# $$\text{Find}$$¶

You can use the $$\text{Find}$$ function to locate a sub-tuple within a tuple.

You can use the \find backslash command to insert this function.

The following variants of this function are available:

• $$\text{integer } \text{Find} \left ( \text{<tuple>}, \text{<sub>} \right )$$

• $$\text{integer } \text{Find} \left ( \text{<tuple>}, \text{<sub>}, \text{<starting at>} \right )$$

The $$\text{<tuple}$$ parameter is the tuple to be searched. The $$\text{<sub>}$$ is tht tuple containing entries to be found. The $$\text{<starting at>}$$ indicates the position to start searching from.

If the $$\text{<starting at>}$$ parameter is not supplied, the $$\text{Find}$$ will locate the first instance of $$\text{<sub>}$$ within $$\text{<tuple}$$. If the $$\text{<starting at>}$$ parameter is supplied, the not supplied, $$\text{Find}$$ will locate the first instance of $$\text{<sub>}$$ within $$\text{<tuple>}$$ at or after $$\text{<starting at>}$$.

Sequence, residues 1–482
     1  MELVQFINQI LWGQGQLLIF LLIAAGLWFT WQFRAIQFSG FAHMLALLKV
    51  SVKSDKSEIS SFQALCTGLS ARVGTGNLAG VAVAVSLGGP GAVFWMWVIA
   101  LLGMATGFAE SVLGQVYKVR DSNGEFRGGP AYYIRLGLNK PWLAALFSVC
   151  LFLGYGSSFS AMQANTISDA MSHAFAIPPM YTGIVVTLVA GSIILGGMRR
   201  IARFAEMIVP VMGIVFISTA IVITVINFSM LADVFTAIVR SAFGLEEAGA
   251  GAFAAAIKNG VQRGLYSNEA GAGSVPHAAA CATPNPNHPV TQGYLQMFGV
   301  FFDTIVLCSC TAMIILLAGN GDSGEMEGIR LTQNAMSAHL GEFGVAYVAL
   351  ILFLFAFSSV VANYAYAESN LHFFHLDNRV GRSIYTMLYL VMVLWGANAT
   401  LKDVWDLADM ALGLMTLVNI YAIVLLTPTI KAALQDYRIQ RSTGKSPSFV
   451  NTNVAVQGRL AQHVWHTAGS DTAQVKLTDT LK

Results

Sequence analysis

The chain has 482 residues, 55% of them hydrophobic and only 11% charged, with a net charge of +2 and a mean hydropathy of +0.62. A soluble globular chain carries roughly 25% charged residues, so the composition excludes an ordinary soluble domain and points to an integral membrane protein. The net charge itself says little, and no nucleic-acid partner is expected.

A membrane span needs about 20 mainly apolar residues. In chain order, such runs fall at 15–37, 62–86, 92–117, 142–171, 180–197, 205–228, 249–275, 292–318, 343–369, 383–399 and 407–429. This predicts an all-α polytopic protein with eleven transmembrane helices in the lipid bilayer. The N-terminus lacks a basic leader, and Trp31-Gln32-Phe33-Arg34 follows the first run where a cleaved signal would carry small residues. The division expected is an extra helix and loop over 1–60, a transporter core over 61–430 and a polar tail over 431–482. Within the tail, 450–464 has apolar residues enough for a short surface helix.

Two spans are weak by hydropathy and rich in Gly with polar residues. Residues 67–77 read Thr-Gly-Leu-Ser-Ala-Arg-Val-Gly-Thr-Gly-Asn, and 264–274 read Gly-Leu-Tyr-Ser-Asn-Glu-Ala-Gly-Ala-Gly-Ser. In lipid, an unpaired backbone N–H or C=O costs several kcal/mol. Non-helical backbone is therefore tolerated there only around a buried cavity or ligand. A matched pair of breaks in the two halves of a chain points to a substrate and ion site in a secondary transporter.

Note that the $$\text{Find}$$ will trigger a run-time error or 0 if $$\text{<starting at>}$$ is not an integer value or is less than 1.

The $$\text{Find}$$ function will return the one-based index in $$\text{<tuple}$$ where $$\text{<sub>}$$ may be found. Zero (0) is returned if $$\text{<sub>}$$ could not be found.

Note

This function requires an exact match between tuple members. For this reason, this function may prove problematic with real or complex calculated values due to close or inexact results.

The Figure 138 shows how you can use the $$\text{Find}$$ function.

Figure 138 Example Use Of The Find Function